US general warns of Kremlin interference in Libya amid reports of Russian mercenaries

A new report last weekend has revealed that a force of several dozen armed private security contractors from Russia had operated in a part of Libya controlled by regional strongman Khalifa Haftar.

Coming just days after the Pentagon’s top Africa official warned the Senate that Moscow was trying to “do a Syria” in the North African nation, the report of Russian mercenaries in the war-torn country once again raises questions about the government of Vladimir Putin’s intentions in Libya  and its United Nations-backed government, which Western countries see as the best chance of restoring stability to war-torn Libya.

“Russia is trying to exert influence on the ultimate decision of who and what entity becomes in charge of the government inside Libya,” General Thomas D. Waldhauser, the chief of the Pentagon’s Africa command, said in a testimony to the Senate’s foreign relations committee last week.

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Russia has already irked numerous Western governments with its support of the brutal regime of Syrian President Bashar al-Assad and, despite assurances from Oleg Krinitsyn - owner of private Russian firm RSB-group – that the mercenaries were sent to Libya as a commercial arrangement, it is unlikely that the Kremlin did not grant Krinitsyn its approval, according to Reuters.

Krinitsyn told Reuters that his firm did not work with the Russian defense ministry, but was "consulting" with the Russian foreign ministry.

RSB-group sent the contractors to eastern Libya last year and they were pulled out in February having completed their mission. The task of the security contractors was to remove mines from an industrial facility near the eastern Libyan city of Benghazi, in an area that Haftar's forces had liberated from Islamist rebels.

Krinitsyn did not say who hired his firm, where they were operating or what the industrial facility was. He did not say if the operation had been approved by the U.N.-backed government, which most states view as the sovereign ruler of Libya.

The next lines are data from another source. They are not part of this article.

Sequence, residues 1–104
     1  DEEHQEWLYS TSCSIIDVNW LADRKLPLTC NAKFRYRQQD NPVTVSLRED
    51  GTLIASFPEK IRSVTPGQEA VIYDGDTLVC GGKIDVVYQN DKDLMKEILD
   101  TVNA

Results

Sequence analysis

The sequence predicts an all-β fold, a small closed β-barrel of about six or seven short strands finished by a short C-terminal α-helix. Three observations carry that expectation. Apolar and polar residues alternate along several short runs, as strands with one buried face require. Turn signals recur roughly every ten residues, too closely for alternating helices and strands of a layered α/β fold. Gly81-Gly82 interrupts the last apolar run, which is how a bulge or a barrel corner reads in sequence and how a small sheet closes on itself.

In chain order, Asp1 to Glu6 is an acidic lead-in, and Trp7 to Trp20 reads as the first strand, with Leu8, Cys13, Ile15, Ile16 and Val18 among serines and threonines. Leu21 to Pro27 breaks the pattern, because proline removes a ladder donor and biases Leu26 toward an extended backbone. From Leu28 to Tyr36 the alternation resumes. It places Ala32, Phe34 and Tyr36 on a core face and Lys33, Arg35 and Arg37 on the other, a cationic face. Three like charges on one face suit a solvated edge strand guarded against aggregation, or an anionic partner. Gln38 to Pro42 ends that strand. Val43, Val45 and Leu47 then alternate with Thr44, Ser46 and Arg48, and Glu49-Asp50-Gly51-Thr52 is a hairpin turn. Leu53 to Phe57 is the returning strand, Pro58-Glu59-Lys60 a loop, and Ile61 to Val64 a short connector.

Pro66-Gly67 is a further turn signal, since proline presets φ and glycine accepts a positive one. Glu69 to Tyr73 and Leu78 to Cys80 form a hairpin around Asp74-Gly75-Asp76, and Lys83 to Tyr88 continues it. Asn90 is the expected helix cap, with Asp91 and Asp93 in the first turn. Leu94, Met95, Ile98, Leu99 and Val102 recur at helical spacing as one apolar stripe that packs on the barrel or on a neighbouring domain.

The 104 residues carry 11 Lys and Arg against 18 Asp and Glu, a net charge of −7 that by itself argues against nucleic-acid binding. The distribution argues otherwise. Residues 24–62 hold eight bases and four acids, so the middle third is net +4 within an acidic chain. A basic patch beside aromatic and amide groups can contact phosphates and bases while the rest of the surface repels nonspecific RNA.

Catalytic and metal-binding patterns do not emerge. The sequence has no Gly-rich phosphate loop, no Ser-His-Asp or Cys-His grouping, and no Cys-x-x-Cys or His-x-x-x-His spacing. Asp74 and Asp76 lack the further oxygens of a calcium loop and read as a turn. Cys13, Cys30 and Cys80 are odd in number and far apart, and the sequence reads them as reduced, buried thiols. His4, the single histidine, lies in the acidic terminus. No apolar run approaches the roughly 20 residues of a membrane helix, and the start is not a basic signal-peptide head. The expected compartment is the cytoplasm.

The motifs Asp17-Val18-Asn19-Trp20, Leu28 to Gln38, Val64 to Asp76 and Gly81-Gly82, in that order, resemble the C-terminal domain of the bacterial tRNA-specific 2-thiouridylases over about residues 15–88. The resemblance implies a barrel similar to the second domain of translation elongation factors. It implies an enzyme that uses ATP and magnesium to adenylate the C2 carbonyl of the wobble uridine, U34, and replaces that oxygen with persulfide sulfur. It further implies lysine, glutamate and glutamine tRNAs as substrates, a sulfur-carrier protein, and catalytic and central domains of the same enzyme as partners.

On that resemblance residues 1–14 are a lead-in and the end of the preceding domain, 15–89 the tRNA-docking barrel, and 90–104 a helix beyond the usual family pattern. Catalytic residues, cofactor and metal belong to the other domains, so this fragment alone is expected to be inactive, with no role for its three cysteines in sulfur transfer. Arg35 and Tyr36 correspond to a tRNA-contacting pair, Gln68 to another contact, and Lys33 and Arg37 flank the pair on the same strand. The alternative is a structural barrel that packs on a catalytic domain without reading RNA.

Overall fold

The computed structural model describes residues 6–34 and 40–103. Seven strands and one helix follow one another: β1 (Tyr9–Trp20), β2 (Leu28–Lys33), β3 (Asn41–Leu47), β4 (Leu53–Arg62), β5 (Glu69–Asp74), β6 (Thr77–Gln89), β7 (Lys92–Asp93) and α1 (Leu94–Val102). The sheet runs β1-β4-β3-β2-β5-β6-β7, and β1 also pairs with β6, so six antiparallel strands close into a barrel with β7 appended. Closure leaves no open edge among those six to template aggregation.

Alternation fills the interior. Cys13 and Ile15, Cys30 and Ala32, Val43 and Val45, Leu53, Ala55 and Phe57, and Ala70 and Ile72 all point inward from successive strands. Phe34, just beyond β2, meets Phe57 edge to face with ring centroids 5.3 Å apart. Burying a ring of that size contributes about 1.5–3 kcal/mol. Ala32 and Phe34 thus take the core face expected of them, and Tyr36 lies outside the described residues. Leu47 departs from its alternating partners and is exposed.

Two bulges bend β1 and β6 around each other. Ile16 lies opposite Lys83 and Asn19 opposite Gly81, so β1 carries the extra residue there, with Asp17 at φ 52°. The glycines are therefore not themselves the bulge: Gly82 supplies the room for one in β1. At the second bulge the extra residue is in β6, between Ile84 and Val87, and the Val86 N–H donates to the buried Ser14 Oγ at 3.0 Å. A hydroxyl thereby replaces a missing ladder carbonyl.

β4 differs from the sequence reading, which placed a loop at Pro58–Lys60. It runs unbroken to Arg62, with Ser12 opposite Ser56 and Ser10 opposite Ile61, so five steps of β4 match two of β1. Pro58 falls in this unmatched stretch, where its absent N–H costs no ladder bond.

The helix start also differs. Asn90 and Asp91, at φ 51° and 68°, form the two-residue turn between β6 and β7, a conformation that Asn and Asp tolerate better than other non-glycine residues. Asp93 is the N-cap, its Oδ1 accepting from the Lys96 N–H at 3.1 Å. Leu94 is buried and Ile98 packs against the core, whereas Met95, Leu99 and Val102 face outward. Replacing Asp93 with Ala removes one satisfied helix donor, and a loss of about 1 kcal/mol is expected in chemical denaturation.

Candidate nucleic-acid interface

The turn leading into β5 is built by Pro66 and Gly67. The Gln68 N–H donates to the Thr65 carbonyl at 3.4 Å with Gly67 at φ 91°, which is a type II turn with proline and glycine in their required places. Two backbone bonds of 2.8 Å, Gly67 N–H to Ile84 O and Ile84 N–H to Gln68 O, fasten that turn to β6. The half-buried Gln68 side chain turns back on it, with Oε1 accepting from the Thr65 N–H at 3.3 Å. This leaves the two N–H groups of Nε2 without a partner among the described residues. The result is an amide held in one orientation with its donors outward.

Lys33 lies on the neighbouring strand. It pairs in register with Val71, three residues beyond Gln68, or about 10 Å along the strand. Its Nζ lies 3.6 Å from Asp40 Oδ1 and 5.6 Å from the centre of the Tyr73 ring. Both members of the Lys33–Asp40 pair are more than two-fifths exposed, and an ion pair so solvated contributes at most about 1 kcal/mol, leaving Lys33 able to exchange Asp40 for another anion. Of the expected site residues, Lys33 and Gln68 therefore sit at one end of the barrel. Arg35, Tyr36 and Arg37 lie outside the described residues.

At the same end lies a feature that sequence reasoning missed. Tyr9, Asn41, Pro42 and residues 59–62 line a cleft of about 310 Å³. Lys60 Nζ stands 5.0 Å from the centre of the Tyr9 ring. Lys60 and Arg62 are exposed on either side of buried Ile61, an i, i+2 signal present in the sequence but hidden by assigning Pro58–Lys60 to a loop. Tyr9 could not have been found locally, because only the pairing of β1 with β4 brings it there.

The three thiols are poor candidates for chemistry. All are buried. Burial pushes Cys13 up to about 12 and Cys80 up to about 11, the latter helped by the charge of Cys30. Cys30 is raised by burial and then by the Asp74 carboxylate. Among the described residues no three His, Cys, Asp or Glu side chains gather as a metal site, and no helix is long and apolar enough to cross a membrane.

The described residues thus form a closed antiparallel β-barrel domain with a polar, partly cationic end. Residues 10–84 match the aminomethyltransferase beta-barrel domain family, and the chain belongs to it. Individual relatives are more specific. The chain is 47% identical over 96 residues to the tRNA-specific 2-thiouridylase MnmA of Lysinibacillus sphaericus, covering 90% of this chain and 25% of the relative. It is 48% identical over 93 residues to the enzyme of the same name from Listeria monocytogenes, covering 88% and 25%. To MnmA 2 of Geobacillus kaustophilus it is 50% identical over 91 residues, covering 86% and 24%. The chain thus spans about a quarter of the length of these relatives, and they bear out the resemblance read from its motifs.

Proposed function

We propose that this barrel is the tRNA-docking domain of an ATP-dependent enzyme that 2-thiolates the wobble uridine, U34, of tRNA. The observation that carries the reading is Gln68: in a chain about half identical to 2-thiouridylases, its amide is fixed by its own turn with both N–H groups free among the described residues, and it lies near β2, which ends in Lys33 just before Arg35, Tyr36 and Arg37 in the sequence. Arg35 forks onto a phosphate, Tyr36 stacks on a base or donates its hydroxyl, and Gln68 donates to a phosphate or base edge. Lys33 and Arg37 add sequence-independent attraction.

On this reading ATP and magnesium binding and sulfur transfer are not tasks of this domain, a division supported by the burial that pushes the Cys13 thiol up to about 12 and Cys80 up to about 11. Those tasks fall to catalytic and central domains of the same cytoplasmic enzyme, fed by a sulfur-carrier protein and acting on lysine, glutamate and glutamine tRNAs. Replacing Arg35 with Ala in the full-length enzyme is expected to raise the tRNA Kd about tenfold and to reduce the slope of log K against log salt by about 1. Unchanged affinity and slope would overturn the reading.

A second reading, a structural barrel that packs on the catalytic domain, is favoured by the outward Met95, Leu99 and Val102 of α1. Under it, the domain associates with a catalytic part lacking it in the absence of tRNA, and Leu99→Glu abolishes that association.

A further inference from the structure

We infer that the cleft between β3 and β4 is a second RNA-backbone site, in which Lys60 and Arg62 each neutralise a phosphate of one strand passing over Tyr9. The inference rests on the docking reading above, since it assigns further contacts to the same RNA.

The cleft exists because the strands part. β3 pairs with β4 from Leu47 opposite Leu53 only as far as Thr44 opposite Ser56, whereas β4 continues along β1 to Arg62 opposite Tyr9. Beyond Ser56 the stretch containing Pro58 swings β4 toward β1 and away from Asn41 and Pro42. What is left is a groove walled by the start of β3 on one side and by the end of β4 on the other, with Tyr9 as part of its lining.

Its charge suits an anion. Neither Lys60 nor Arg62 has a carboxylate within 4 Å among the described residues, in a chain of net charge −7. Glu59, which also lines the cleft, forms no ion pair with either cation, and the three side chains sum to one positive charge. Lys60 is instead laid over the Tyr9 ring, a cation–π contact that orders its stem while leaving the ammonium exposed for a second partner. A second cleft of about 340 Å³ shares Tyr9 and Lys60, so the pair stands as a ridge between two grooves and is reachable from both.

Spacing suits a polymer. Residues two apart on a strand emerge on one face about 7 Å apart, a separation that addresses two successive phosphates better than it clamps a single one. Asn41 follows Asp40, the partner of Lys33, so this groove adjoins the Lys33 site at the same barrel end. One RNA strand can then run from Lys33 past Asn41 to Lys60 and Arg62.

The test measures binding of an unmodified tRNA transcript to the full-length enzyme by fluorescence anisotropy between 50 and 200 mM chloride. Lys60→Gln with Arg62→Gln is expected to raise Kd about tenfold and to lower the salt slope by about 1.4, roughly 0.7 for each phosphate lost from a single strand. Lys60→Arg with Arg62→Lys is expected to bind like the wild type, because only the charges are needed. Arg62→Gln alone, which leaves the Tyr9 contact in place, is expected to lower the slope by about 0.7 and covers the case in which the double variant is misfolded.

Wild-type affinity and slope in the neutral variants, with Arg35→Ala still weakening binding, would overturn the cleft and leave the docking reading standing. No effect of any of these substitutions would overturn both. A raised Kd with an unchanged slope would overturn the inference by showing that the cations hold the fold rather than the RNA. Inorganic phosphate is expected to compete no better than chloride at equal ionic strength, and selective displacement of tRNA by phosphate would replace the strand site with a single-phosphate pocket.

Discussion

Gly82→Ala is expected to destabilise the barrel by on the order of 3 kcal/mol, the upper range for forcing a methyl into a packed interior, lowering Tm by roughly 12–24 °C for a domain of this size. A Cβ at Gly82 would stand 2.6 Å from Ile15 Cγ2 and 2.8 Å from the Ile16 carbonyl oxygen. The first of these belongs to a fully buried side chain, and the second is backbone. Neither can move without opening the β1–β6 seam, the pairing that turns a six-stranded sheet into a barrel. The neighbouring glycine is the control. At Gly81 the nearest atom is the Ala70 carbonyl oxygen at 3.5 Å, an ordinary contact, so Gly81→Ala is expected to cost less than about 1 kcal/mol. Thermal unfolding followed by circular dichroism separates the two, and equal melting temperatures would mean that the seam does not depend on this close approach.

Earlier this month Russian Foreign Minister Sergei Lavrov held talks in Moscow with Fayez Seraj, the head of the U.N.-backed government in Tripoli, where he reaffirmed the Russian Federation’s support of working toward a united government in the oil-rich nation.

"Moscow confirmed its readiness to work closely with all sides in Libya with the aim of seeking mutually acceptable solutions to create the grounds for the stable development of Libya as a united, sovereign and independent state," the ministry said in a statement.

Despite the Lavrov’s promises, actions by the Kremlin indicate that it is strongly in favor of Haftar taking control of the country and not just the eastern section currently under his control. In February Reuters reported that around 70 soldiers fighting for Haftar have been sent to Russia for treatment and Haftar has publically met with Russian officials at least three times – twice in Moscow and once aboard a Russian aircraft carrier in the Mediterranean where he spoke with Defense Minister Sergei Shoigu.

Over the weekend, Haftar’s forces launched a series of airstrikes against the western Libyan city of Sidra, the country’s biggest oil port which has recently been the scene of intense between Haftar’s troops and militias in the west.

In another worrying step, the eastern parliament last Tuesday voted to withdraw support from the United Nations peace deal that created the Tripoli government in January 2016 in hopes of ending years of chaos in the North African country. The withdrawal of support further undermines the government, which has had difficulty asserting authority even in Tripoli.

General Khalifa Haftar (C), commander in the Libyan National Army (LNA), leaves after a meeting with Russian Foreign Minister Sergei Lavrov in Moscow, Russia, November 29, 2016.

General Khalifa Haftar (C), commander in the Libyan National Army (LNA), leaves after a meeting with Russian Foreign Minister Sergei Lavrov in Moscow, Russia, November 29, 2016. (Reuters)

Hafter, an army general, former CIA asset and U.S. citizen who lived nearly 20 years in American exile, is the most powerful figure in the east, touting himself as the champion against Islamic militants in Libya — though his enemies accuse him of aiming to become a new dictator like Moammar Gadhafi, who was overthrown and killed in the country's 2011 Arab Spring revolt. He has talked of marching to take Tripoli to unite the country, hinting that he aims to rule. He opposed the government set up by the U.N. peace deal because it would have pushed him out as head of the military.

The general is backed by Egypt and Russia, but Washington under the Obama administration kept him at arm's length. One key question in Haftar’s future will be whether the U.S. warms up to him under President Donald Trump.

Hafter's forces seized the oil facilities last year. The Obama administration had joined the U.N. in calling on him to hand them over to the Tripoli government.

But now that they have been wrested from him by force, he may resort instead to an all-out fight against Tripoli. His army says it is massing forces east of the terminals, awaiting orders. Their strength is unclear but they can call on reserves of thousands of eastern Libyan fighters and tribesman and are backed by Libyan and foreign air support. Hafter travels regularly to Cairo and insiders have said he flew there shortly after losing control of the terminals.

The Associated Press and Reuters contributed to this report.